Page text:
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A Greater sage-grouse male "lekking" near Bridgeport, California. Photo Credit: Jeannie Stafford/USFWS

Environmental groups filed two separate lawsuits Monday that claim the Trump administration violated sage grouse protections by opening up more land to oil and gas leases, including in Nevada. The lawsuits allege that the new administration worked “systematically” to unravel 2015 plans to boost populations of the large Western bird found across sagebrush country.

“This case challenges the Trump Administration’s systematic disregard of legally binding land management plans adopted to protect the greater sage-grouse,” wrote lawyers for the Audubon Society, the Wilderness Society, the National Wildlife Federation and the Montana Wildlife Federation.

They said Department of Interior officials violated land management laws when they released a memo that reinterpreted the 2015 rules, which sought to prioritize oil and gas leasing outside of sensitive sage grouse habitat. The lawsuit, filed in Montana, also said thousands of acres of oil and gas leasing, from Nevada to Wyoming, ignored the Obama-era sage grouse plan.

Another lawsuit, filed Monday in Idaho by the Western Watersheds Project and the Center for Biological Diversity, similarly claimed that the administration’s actions disregarded the Obama-era plan without proper notice and analysis. It resulted, the lawsuit alleged, to opening up more land to oil and gas in areas where ground disturbance could impact sage grouse habitat and behaviors. The bird is found in 15 of 17 counties in Nevada. Because the state’s oil industry is small, oil and gas leasing has had minimal impacts on the bird’s population, compared to a state like Colorado.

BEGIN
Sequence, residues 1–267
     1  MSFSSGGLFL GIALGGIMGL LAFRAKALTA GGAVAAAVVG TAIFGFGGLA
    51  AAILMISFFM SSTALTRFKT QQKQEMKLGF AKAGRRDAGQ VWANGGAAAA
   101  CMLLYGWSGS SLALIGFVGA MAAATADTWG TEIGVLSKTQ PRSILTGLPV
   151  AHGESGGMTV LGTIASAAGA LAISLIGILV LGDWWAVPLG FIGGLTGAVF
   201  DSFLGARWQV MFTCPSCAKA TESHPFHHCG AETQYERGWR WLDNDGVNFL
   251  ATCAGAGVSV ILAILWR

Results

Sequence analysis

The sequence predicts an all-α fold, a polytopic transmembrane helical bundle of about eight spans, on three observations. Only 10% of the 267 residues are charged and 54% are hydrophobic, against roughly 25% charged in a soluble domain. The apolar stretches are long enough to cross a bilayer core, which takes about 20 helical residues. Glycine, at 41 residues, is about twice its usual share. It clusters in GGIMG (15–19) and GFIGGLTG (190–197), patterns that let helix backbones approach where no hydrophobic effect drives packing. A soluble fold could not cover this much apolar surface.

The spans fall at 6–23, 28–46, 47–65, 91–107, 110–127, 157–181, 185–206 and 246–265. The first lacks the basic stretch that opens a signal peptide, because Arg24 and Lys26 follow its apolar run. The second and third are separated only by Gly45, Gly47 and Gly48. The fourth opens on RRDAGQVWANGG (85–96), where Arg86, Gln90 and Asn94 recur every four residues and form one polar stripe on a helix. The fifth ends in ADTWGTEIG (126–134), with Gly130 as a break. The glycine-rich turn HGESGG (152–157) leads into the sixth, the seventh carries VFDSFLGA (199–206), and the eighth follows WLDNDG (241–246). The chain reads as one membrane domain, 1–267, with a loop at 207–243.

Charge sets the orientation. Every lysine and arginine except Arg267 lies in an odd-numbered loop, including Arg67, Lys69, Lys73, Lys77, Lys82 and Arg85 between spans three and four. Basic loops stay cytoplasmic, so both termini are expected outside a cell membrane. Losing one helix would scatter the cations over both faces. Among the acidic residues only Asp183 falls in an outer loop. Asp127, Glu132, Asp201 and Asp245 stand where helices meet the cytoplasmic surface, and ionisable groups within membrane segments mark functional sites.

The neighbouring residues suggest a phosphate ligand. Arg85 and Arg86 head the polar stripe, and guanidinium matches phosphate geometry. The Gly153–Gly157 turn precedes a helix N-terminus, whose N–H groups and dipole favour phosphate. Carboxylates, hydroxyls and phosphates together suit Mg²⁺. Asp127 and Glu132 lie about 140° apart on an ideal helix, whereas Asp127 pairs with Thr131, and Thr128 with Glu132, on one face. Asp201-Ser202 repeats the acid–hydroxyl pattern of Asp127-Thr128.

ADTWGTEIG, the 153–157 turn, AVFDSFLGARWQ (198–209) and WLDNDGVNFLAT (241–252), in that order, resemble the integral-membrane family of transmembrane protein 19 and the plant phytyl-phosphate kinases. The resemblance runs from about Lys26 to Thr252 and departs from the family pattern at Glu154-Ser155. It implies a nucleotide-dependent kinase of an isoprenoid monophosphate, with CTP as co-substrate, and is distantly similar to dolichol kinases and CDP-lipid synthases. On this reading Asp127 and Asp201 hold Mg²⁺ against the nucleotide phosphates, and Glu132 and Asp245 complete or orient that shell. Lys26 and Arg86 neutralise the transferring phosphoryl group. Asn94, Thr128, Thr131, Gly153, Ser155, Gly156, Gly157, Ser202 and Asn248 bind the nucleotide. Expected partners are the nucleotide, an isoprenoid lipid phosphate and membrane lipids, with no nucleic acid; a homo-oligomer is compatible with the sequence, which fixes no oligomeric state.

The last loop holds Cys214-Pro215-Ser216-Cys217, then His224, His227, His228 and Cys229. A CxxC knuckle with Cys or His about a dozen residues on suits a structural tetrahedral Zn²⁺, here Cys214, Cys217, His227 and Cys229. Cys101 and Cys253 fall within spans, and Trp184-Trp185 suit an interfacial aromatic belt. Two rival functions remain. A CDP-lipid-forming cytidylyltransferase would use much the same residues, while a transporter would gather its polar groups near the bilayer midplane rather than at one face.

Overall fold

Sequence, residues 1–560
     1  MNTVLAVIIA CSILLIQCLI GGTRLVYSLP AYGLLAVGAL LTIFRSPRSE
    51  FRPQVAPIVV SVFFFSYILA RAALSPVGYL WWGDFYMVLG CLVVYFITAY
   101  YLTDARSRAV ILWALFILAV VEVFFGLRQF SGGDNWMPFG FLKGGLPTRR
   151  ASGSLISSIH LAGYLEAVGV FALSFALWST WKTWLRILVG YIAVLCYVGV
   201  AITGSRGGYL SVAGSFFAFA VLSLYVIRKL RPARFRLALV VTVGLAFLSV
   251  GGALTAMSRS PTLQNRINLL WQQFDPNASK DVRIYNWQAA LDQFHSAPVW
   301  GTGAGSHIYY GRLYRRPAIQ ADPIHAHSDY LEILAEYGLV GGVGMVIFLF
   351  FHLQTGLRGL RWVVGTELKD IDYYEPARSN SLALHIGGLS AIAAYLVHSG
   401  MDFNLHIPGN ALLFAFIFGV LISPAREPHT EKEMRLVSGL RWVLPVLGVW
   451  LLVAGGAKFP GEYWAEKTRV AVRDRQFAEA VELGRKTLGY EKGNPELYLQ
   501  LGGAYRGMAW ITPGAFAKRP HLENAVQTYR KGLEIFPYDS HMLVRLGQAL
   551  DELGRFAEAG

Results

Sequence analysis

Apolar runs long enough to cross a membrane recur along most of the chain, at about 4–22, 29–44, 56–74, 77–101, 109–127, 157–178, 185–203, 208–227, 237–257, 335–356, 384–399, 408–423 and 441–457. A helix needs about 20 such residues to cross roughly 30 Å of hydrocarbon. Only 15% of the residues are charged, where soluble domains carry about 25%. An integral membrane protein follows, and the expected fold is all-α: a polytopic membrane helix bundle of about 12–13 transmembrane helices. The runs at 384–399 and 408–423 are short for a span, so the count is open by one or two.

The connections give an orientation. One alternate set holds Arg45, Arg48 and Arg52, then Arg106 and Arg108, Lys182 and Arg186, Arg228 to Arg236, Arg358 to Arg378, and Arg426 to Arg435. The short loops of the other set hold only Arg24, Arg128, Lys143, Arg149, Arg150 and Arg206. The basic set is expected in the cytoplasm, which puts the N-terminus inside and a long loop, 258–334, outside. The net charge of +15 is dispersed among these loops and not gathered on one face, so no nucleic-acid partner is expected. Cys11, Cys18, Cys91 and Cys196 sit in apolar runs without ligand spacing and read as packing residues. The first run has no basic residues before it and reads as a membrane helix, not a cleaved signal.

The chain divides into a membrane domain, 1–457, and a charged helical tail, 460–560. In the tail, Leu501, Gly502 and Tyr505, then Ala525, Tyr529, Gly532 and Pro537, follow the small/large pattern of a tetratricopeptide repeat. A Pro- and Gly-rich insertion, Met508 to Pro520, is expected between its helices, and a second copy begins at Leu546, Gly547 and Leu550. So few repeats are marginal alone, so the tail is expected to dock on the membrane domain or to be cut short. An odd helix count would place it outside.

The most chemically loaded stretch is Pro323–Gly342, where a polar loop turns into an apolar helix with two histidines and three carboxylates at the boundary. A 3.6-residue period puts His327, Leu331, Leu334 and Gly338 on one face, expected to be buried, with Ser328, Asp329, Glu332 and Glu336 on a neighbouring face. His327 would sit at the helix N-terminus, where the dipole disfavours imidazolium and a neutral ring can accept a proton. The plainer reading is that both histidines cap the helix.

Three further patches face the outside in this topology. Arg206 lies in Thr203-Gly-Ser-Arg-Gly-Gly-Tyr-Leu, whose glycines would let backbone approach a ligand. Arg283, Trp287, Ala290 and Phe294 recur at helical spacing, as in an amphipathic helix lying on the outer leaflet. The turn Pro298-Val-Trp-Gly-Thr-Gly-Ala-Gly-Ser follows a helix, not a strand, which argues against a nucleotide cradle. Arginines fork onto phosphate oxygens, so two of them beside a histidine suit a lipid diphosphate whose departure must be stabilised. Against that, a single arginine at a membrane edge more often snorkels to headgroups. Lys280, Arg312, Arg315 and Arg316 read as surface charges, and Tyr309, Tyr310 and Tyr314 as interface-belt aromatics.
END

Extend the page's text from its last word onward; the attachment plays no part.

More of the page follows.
But the lawsuit warns that might change with a proposed sale next month near Eureka.

This map, part of the Nevada BLM's environmental analysis, shows where the July oil and gas parcels overlap with priority sage grouse habitat (in red).

“Because of relatively limited oil and gas production and development in the state, habitat loss to oil and gas has thus far been limited,” wrote lawyers who said the bird’s biggest threat in Nevada is often habitat loss because of invasive species and wildfire. “The June 2018 lease sale, however, would convey rights to potentially vast development in what the Nevada Department of Wildlife deems the most productive grouse habitat in southern Nevada.”

In 2015, the Obama administration finalized a series of land management rules to bolster sage grouse populations in 10 Western states. The plan’s goal was to prevent listing the sage grouse as an endangered species, an action that most lawmakers and developers see as damaging to  economic development in the rural West. But the compromise plan to defer some development, despite bipartisan support, remained controversial for industry groups.

They have pushed the Trump administration to reverse course on the 2015 plan.

In addition to the actions cited in the lawsuits, the administration started a formal process last year to revise the sage grouse plans. Republican and Democratic governors have cautioned against any wholesale changes to the 2015 plans. Last year, Gov. Brian Sandoval said he wanted to ensure that the state retained control of its sage grouse plans if new rules are approved.

Update: An earlier version of this story referred to the National Wildlife Federation as the "Wildlife Federation." The story was updated at 8:40 a.m. on May 1 to correct the error.

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